To be fair, most Orthodox Jewish women are not aware of their subjugation. They simply live their lives the way that they saw their mothers live theirs and are fairly happy in their ignorance.
I don't think anyone intelligent in the frum community would deny the fact that we brainwash our children. Like all cultures, we have values, norms, beliefs, and traditions that we cherish and want our children to cherish, so we indoctrinate them with our chosen values from the moment they're born. It is this brainwashing that allows women to live under subjugation without realizing it.
Just to be clear, I don't have a problem with teaching children values; that's a healthy part of socialization. It's the values that are unfair and closed-minded that I take issue with.
Such as the way that girls are trained to think and behave in the frum community. We are instilled with a message of, "Being seen and not heard." Except we're not supposed to be seen either.
They stick us women behind partitions in shul (synagogue) and tell us to keep quiet. The men will sing and dance on their side of the partition, praying to G-d with joy and happiness while the women just sit, watch, (through the curtains,) and listen.
They teach us to be modest in clothing and behavior and use the laws of modesty to keep us from expressing ourselves through the way we dress by saying that we shouldn't wear loud colors or (what they consider) outlandish (i.e. different from what everyone else is wearing) garments. One of my high school principals favorite sayings was, "Ask yourself: Would my Chumash (Bible-studies) teacher wear that? If not, you shouldn't wear it either!" If you enter an ultra-Orthodox community, one of the things that you'll notice is that most of the women are wearing very similar clothing in very limited colors.
As for modest behavior, we're expected to be always calm and collected. To not draw attention to ourselves in any way... Which rids us of the ability to be unique.
They inundate us with the message that we girls\women can fulfill our purpose in the world just by getting married, keeping a Kosher home, and having children, removing the possibility for other ambitions.
Female socialization in the ultra-Orthodox community thus ends up being the creation of cookie-cutter women who, as long as they remain "brainwashed", and happy in their subjugated situations.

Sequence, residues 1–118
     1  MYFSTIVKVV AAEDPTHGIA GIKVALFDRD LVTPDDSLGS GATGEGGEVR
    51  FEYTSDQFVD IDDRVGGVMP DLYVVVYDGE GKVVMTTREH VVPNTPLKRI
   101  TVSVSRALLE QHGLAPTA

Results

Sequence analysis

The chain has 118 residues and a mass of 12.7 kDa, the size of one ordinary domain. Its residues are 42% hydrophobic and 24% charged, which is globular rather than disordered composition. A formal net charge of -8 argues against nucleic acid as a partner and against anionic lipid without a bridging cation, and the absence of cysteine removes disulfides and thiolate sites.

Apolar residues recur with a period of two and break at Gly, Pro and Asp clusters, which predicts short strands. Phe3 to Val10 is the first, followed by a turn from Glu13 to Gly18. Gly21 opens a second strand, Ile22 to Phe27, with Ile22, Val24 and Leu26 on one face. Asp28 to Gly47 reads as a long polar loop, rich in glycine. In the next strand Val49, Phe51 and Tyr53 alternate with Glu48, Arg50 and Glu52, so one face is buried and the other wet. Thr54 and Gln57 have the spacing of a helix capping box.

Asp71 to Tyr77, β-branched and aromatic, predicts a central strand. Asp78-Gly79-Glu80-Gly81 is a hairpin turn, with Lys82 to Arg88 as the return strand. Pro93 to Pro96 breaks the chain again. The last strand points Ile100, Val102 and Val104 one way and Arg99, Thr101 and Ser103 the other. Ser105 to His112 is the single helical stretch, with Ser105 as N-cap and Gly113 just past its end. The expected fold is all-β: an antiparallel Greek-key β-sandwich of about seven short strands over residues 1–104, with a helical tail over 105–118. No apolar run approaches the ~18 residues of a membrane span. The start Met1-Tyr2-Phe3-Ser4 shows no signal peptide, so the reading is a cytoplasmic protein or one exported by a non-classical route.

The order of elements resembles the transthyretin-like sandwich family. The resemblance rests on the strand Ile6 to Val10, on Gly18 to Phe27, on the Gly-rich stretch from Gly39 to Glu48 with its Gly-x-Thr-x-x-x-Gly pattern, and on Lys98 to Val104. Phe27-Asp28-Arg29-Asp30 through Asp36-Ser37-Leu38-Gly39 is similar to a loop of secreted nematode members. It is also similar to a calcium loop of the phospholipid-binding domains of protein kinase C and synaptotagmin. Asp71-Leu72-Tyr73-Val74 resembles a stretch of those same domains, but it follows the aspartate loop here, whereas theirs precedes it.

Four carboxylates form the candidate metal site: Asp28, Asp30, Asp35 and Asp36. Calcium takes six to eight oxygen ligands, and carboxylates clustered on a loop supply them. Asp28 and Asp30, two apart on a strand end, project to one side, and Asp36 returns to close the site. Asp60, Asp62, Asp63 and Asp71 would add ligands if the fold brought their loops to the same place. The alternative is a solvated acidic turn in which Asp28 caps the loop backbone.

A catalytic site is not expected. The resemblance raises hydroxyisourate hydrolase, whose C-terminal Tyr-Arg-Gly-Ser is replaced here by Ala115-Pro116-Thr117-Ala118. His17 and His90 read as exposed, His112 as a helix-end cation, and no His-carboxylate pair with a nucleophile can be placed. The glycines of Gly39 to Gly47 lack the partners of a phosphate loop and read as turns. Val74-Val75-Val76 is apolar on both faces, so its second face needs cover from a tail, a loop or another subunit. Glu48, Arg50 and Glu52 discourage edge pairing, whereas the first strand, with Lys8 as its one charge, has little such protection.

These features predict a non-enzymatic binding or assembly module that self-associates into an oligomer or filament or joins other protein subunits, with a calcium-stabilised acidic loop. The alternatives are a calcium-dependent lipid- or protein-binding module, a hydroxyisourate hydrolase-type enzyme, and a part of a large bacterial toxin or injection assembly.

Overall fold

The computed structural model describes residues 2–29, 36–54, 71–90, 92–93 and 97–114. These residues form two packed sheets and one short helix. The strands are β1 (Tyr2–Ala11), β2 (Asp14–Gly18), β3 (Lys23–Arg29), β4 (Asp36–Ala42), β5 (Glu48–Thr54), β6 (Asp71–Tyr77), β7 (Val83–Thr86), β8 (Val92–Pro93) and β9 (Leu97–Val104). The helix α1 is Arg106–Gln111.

I was. In fact, when I was about 21, I wrote an article that was published in an Orthodox Jewish women's magazine in which I spoke with pride about returning a skirt that I bought from GAP because even though it was long and modest, it's style and color was too outlandish.
I wrote another article, which was published on a Jewish website, that claimed that women should be happy and fulfilled in their roles as wives and mothers because it's what G-d created us for.
I shudder, now, thinking of those articles, but also realize that I was just spouting back the things that I'd been taught.
It was only when I dared to step out of the frum woman's box that I started to see things from an objective perspective. Unlike nearly all of my contemporaries, I wasn't given the chance of getting married and having children young, which is the only really approved path for frum women. And so I found myself "off the path" - taking a job outside of the frum community, working with non-religious and non-Jewish people, and going to college because I had to do SOMETHING with my time.
It was "off this path" that I started to gain perspective and began to see the patriarchy inherent in the frum world. (Not really) coincidentally, that's when I started this blog, and if you go back to the beginning and read my earliest posts, you'll find how I struggled with this new perspective. If you continue reading, you'll see how my views evolved.
Outside of the "approved path", I began to ask questions. And did not like the answers.
STAY TUNED: I'm going to write more detailed posts about more specific subjugations of frum women, such as Kol Isha (the "Voice of a Woman" being forbidden from being heard), Gets (the Jewish divorce process), and the faults in a "Separate but Equal" ideology